I am trying to model annual tree nut production using climate predictors.

The nut data (dependent) is a binary timeseries (0,1 - representing unsuccessful and successful nut production), with one observation per year, and with 90 years of data and two missing years (88 onservations).

The independent variables are monthly climate variables, including months in previous years (for example, Temp.July.t, Temp.July.t-1)

I'm using R, and have an basic-intermediate knowledge of statistics.

My problem is that the dependent data has strong temporal autocorrelation (nut production cannot be successful two years running). I'm looking for a pointer towards a technique that will allow me to deal with the autocorrelation in the binary data and create a statistical model that allows me to investigate the relationship between nut production and climate.

Thank you.

  • $\begingroup$ Are you saying there's a strong negative autocorrelation, ie that if year t=1, year t+1 must equal 0? Is it possible to have two 0's in a row? $\endgroup$ Oct 17, 2012 at 15:13
  • $\begingroup$ It is possible to have two 0's in row, but not two 1's. So yes, if t=1 then t+1 = 0, but not necessarily the other way around (so if t=0, t+1 can be either 0 or 1. $\endgroup$
    – Andy HP
    Oct 17, 2012 at 15:28

1 Answer 1


If the only autocorrelation present is that a successful year must be followed by an unsuccessful year, a simple and effective approach would be to calculate a binary logistic regression on a dataset that excludes the dependent variable for all those years in which the preceding year was successful. Because those years were already determined as unsuccessful by success in the preceding year, the fact that they were unsuccessful can yield no information about the relevance to success or otherwise of the independent climate variables. With 90 years of data the exclusion of those years should still leave a reasonably large dataset.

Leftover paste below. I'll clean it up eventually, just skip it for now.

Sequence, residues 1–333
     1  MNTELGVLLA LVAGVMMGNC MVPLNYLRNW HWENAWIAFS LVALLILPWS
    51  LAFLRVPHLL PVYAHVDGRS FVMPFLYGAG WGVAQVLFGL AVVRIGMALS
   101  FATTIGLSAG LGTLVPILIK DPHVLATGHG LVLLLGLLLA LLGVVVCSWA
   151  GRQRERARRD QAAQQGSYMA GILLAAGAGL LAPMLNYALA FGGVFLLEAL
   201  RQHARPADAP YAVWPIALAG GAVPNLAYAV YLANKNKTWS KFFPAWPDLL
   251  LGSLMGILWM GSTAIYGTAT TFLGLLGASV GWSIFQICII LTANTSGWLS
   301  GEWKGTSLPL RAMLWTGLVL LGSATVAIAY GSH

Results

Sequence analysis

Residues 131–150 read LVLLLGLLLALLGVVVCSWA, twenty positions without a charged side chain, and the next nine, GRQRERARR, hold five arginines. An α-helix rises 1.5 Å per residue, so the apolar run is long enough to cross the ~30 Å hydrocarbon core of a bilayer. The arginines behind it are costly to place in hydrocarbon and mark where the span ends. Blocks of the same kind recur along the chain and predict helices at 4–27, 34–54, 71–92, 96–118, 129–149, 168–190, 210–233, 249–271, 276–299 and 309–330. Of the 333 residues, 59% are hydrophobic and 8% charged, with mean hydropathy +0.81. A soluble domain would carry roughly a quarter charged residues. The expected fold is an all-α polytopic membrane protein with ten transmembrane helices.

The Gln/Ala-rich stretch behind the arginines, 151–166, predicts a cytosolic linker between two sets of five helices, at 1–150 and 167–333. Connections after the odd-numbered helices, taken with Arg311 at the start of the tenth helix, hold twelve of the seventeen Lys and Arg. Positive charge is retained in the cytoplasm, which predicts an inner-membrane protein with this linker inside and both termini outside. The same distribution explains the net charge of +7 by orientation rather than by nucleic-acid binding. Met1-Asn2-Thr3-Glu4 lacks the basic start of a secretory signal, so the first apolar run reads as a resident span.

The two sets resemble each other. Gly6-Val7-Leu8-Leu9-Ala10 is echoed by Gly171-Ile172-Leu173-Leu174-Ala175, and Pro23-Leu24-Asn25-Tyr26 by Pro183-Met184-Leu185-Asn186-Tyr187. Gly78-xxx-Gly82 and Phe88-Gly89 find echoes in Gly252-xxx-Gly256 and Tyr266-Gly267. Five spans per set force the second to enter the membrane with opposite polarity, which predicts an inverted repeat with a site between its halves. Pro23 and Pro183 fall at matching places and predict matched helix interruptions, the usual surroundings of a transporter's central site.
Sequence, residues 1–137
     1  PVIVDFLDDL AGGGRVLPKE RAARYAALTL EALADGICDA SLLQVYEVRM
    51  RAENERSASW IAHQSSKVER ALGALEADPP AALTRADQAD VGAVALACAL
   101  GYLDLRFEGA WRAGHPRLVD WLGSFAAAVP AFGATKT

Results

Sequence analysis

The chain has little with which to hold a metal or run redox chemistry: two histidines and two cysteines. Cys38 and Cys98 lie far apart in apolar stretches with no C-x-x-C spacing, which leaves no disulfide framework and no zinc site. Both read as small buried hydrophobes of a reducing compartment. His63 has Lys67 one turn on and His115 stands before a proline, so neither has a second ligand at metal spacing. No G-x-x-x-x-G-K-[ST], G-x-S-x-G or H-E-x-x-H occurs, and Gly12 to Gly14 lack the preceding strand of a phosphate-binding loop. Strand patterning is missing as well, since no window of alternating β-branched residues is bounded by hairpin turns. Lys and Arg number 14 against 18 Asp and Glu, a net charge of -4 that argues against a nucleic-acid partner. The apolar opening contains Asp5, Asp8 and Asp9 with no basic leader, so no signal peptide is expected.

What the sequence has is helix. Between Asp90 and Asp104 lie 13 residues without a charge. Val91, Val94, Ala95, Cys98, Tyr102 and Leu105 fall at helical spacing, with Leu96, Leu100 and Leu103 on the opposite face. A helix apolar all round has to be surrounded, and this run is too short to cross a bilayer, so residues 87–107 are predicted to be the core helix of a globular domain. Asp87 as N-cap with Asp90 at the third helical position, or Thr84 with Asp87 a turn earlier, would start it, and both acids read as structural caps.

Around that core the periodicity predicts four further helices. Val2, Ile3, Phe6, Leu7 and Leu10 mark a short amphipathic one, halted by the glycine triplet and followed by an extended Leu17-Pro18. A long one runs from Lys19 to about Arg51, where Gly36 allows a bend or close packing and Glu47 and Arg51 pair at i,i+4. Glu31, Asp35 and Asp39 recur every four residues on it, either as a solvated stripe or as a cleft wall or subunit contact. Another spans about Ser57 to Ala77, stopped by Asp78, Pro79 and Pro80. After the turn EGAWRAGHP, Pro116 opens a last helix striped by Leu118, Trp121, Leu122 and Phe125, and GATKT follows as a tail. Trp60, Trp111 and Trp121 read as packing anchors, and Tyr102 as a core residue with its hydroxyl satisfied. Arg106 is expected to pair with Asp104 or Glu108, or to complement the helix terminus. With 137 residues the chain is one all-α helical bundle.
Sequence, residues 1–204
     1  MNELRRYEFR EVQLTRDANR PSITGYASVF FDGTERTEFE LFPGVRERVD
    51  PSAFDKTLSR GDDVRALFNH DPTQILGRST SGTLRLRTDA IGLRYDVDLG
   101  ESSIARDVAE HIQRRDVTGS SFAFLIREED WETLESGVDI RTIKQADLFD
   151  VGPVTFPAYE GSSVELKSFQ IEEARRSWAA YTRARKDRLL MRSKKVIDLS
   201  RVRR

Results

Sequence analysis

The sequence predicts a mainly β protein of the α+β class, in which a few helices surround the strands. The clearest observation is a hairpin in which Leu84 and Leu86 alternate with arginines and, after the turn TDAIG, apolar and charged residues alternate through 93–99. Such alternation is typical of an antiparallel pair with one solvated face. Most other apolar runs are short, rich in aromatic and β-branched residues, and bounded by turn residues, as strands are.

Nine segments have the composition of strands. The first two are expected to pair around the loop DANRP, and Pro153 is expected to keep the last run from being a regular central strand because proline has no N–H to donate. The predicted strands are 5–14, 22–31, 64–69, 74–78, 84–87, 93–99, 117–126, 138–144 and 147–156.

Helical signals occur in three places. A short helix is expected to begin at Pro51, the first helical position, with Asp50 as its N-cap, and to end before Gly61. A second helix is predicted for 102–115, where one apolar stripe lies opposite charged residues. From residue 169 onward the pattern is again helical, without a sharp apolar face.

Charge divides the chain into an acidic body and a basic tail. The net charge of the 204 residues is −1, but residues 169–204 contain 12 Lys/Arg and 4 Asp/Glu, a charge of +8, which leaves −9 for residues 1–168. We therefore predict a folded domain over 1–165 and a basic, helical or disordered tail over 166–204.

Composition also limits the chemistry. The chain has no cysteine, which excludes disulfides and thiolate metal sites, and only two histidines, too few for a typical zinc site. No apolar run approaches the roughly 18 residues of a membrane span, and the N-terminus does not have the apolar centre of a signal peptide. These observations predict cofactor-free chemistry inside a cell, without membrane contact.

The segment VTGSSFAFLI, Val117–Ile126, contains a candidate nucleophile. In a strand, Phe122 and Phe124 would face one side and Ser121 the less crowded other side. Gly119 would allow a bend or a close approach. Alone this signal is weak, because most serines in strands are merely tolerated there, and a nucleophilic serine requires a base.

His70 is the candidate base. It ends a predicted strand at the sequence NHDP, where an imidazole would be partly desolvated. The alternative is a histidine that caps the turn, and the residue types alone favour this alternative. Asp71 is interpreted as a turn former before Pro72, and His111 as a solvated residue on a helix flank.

The resulting model will be partly deterministic (the year after a successful year is an unsuccessful year) and partly stochastic (the year after an unsuccessful year has a certain probability of success, dependent on the climate variables, as estimated by the regression).

(With apologies if this is stating the obvious) excluding the dependent variable for year t because year t-1 was successful does not mean dropping all the data for year t. The independent variables for the months in year t are still potentially relevant as lagged variables influencing success or otherwise in years after t.

  • $\begingroup$ Thanks Adam, I've been investigating all sorts of possibilities for complex solutions, and missed a common-sense solution! $\endgroup$
    – Andy HP
    Oct 18, 2012 at 13:30

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